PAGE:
Thursday, October 27, 2016

Line upon Line

The new website went live two days ago and I spent a lot of time reading every single word and watching each video. There is a lot that is praiseworthy on the new site. I was immediately impressed that it was linked to the main site of the church. That’s a wonderful improvement that adds legitimacy to the message of hope, love, and inclusion. I was also so grateful that the word gay was all over and that it was used repeatedly. I’m glad church leaders are finally comfortable enough to use that term because I’ve gotten so much pushback for calling myself gay.

Over the last year I have had two bishops in Tucson (neither of them my bishop) and another church leader tell me that I shouldn’t call myself gay. Each time I was deeply annoyed that as soon as same-sex attraction was brought up that I was given a semantics lesson instead of them trying to understand why I would identify that way. To his credit, one of the bishops later invited me over for dinner and really sought to understand what it is like to be a gay Latter-day Saint. The church leader was also willing to engage in a conversation with me. I have tons respect for these two leaders who were willing to listen and learn and who both called me gay by the end of our chats. The other bishop, however, has repeatedly declined my invitations to talk more about LGBT issues. I am so glad that I can now point to an official church website that says it’s okay to call myself gay.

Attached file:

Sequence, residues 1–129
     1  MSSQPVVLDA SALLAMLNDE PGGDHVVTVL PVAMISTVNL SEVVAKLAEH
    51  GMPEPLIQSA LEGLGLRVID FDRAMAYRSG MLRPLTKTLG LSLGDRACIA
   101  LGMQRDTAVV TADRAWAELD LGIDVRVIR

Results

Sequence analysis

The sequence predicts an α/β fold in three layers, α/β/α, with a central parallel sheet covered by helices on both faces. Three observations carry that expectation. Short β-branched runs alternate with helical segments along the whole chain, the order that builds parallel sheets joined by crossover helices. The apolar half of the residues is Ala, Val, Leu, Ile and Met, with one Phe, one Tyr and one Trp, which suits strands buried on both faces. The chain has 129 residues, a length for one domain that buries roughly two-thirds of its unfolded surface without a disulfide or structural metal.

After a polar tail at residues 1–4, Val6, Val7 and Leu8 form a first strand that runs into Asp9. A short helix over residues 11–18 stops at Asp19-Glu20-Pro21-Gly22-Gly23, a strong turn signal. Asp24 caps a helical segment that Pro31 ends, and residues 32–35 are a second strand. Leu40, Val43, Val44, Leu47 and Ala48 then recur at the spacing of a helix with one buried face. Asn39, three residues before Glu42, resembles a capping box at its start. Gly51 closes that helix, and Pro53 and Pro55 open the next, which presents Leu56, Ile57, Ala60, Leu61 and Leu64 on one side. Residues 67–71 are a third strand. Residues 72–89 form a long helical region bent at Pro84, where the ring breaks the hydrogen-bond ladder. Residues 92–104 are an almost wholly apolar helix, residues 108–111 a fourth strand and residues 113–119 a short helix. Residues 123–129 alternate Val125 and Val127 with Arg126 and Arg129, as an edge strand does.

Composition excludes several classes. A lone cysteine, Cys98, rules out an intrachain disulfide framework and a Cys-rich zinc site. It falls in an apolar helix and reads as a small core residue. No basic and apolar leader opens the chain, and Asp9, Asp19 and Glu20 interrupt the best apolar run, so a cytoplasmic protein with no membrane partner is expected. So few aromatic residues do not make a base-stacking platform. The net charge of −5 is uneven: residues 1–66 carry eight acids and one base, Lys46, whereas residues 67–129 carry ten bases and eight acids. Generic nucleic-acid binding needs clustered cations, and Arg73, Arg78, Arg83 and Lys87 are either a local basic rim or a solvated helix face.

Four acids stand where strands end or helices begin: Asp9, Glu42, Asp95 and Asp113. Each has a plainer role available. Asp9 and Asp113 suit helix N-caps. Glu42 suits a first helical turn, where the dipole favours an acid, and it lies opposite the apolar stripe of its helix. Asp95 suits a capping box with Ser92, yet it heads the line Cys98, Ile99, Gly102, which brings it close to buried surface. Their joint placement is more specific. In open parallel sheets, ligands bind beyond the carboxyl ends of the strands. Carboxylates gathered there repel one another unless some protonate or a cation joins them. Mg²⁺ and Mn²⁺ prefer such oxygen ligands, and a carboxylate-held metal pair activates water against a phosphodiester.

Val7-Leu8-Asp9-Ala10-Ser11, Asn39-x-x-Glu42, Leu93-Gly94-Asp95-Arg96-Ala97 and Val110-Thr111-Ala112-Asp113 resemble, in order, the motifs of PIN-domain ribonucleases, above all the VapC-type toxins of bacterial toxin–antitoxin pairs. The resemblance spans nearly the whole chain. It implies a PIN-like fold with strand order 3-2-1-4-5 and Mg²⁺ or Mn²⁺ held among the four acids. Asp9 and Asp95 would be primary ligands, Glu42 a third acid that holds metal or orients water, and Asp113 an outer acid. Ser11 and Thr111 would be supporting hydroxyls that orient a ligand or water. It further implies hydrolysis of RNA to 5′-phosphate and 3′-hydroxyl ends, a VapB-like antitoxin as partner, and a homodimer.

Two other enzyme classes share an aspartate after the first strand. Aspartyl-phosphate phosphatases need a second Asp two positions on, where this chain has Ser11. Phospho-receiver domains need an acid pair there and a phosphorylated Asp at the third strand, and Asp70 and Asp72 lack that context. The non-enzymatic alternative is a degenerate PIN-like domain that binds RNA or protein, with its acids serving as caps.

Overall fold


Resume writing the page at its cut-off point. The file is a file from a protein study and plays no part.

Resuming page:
I really enjoyed watching the videos in the Stories section. Stop reading my blog right now and go watch Jessyca’s story. There are so many awesome points that she touches on. She’s super-cool and I want to be her friend in real life. Josh’s story also really resonated with me. Their stories are my story. They’re our story. Josh’s description of not feeling welcome at the table was spot on as was his lack of excitement about exaltation. Seriously, go watch these videos! I loved how raw, open, and honest everyone was. I felt like I was being talked to like an adult and I loved that.

Here are some great quotes from the website shared by my friend Bryce together with his comments:

"Materials on make it clear that it is possible to be both gay and Mormon and that God loves those who are." (Wow, I made the same point in a recent post)
"Church leaders hope members will use the content—which provides vocabulary and a foundation for healthy dialogue between members, families, and leaders—as a platform for personal revelation." (Yay for personal revelation!)
"A change in attraction should not be expected or demanded as an outcome by parents or leaders" (Can we all finally accept this now?)